The Legend of King Kong
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In 1975, Universal became interested in doing a remake of the original 1933 King Kong, due to the character's recent surge in popularity. This would also be a great next step to follow up on the projected success of their film, Jaws, which was currently in the final stages of production. Universal approached RKO Pictures, offering them $200,000 plus five percent of the film's net profits. Although there was no written contract, Universal was confident that they received verbal approval from RKO. However, they would soon learn that RKO also signed a deal with Dino De Laurentiis and Paramount Pictures to produce a remake of the film with a tentative release date of 1976.
Universal proceeded to sue both Paramount and RKO for the rights to King Kong, claiming that they had a previous oral agreement with RKO to produce their own remake; however, RKO denied such a deal. However, during the legal debate, Universal realized the copyright to the original film's novelization by Delos W. Lovelace's copyright had lapsed. This meant that while the film itself was still under RKO copyright, the plot as depicted in the novel was now in the public domain. Counting on this claim to go through, Universal announced they would start filming The Legend of King Kong on January 5, 1976, using the novel as a template, aiming to release the film in the fall. By getting the film into production so quickly, Universal hoped it would pressure Paramount and De Laurentiis to give up production on their film.
Universal hired Academy Award-winning screenwriter Bo Goldman to write the screenplay for the film, and hired the relatively unknown but acclaimed Joseph Sargent to direct. Special effects artist Jim Danforth offered to produce the effects for the film using stop-motion animation like in the original film, but Universal worried that it would be far too expensive and planned to have Kong be portrayed by a man in a suit, like he was in King Kong vs. Godzilla and King Kong Escapes. They also intended to very closely follow the 1933 film, using the same characters, creatures, and general plot of the original film, even keeping it set in 1933.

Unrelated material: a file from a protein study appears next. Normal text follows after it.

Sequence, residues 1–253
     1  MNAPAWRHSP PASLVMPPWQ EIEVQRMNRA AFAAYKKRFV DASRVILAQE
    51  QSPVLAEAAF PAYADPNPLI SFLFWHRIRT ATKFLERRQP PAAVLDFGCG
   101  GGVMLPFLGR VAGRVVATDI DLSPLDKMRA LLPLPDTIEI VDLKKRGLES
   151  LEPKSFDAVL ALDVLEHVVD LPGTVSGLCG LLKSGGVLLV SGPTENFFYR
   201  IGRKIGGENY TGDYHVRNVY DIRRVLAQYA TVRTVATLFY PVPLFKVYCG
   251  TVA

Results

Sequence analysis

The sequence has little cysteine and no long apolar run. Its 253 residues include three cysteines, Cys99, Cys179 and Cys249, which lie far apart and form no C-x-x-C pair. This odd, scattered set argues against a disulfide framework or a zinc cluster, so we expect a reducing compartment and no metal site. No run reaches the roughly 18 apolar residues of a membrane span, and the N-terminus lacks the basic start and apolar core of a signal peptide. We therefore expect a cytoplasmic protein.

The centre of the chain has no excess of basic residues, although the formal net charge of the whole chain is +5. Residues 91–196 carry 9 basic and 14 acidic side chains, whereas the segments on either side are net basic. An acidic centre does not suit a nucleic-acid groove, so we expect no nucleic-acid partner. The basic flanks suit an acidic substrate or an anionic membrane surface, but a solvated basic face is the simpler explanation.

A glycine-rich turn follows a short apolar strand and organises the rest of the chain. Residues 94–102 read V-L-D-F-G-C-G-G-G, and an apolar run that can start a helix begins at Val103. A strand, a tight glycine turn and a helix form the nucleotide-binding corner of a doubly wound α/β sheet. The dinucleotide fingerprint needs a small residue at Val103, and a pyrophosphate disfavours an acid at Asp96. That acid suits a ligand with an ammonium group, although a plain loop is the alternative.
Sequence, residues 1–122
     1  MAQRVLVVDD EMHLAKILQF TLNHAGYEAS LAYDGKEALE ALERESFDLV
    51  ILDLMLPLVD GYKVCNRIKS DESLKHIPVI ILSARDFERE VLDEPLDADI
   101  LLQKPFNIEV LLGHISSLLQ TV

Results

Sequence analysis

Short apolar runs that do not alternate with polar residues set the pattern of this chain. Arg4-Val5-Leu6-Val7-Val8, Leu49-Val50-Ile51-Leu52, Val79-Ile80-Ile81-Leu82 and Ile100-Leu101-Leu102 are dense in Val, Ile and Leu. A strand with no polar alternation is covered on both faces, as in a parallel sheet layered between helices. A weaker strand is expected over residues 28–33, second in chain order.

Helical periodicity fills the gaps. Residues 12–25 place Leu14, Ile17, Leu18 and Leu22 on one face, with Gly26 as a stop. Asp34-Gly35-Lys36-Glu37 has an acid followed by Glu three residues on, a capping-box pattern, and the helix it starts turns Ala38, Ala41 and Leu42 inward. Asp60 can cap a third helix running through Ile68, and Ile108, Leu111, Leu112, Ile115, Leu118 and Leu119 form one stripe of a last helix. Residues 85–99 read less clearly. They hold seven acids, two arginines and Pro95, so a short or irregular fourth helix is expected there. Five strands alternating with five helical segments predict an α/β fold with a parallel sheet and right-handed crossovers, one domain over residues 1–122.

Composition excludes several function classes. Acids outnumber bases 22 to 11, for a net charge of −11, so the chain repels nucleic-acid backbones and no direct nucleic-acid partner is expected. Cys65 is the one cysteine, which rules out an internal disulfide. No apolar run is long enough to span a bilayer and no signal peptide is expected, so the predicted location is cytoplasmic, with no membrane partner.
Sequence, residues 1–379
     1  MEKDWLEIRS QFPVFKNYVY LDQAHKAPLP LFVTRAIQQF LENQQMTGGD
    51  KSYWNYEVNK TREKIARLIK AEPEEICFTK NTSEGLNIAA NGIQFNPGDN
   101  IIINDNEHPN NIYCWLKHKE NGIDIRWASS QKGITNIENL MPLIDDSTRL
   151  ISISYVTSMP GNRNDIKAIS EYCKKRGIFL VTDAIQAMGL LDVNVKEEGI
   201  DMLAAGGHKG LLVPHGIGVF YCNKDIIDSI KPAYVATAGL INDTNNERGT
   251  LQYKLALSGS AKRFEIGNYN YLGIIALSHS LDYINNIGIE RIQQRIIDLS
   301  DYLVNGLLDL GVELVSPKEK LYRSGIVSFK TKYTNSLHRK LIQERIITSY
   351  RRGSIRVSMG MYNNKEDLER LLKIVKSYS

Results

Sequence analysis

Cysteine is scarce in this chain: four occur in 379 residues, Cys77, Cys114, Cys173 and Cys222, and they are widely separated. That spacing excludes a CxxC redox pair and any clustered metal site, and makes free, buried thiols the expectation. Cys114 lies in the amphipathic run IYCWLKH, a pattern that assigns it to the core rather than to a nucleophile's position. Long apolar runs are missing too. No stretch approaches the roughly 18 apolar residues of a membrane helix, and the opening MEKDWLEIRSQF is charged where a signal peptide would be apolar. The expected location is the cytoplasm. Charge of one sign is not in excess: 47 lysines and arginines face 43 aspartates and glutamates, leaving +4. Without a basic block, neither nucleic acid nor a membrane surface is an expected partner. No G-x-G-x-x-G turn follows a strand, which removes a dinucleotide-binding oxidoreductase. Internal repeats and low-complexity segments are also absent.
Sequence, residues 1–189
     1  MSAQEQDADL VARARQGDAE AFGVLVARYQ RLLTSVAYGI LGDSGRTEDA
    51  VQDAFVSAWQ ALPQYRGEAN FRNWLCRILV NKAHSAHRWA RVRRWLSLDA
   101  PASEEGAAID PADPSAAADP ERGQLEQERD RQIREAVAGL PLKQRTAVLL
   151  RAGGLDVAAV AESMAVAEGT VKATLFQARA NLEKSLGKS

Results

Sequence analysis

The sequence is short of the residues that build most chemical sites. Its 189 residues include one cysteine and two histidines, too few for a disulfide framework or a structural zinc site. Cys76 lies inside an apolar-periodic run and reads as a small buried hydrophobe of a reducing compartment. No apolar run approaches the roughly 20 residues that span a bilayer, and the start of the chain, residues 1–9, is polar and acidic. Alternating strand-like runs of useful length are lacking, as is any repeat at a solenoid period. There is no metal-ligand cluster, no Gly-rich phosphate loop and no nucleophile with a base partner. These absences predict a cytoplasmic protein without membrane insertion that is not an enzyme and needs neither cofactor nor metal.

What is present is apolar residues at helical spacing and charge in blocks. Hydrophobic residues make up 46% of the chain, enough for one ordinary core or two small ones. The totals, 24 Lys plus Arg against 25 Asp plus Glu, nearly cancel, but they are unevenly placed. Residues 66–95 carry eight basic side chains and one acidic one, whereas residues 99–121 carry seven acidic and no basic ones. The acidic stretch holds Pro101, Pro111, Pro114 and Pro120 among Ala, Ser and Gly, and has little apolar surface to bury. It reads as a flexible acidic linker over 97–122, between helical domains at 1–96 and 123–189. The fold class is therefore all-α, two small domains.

Eventually, a federal judge ruled that Paramount did in fact have the rights to produce a remake of King Kong, and that RKO had exclusive rights to the 1933 film. This forced Universal to abandon its plans for The Legend of King Kong. However, the judge also ruled that the character rights to Kong belonged to the estate of Merian C. Cooper, and they were subsequently transferred to his son Richard, who then sold them to Universal. After Paramount and De Laurentiis' rights to King Kong expired, Universal revived the project and hired director Peter Jackson to direct a new remake in the late 1990s, though the releases and subsequent poor receptions of Mighty Joe Young and GODZILLA in 1998 convinced them to postpone the project. Universal and Jackson finally released their remake in December 2005.
The Legend of King Kong would have differentiated itself from the original 1933 film by mostly substituting the various dinosaur inhabitants of Skull Island with both lesser known prehistoric animals and purely fictional creations. However, the film would have also featured a Triceratops, dubbed "Triclonius" in production art, and an unusually aggressive Parasaurolophus.
- King Kong
- Centipede Creature
- Giant Amphibian
- Giant Vulture
- Pit Scorpions
- "Reptilian Eel"
- Triceratops / "Triclonius"
- Universal hoped their quick production of The Legend of King Kong would make De Laurentiis hesitant to film King Kong, but it instead convinced him to complete casting and begin filming for the film months earlier. Makeup artist and stuntman Rick Baker, who designed and portrayed Kong in Paramount's film, later said he regretted not having enough time to design the King Kong suit due to the accelerated production on the film.
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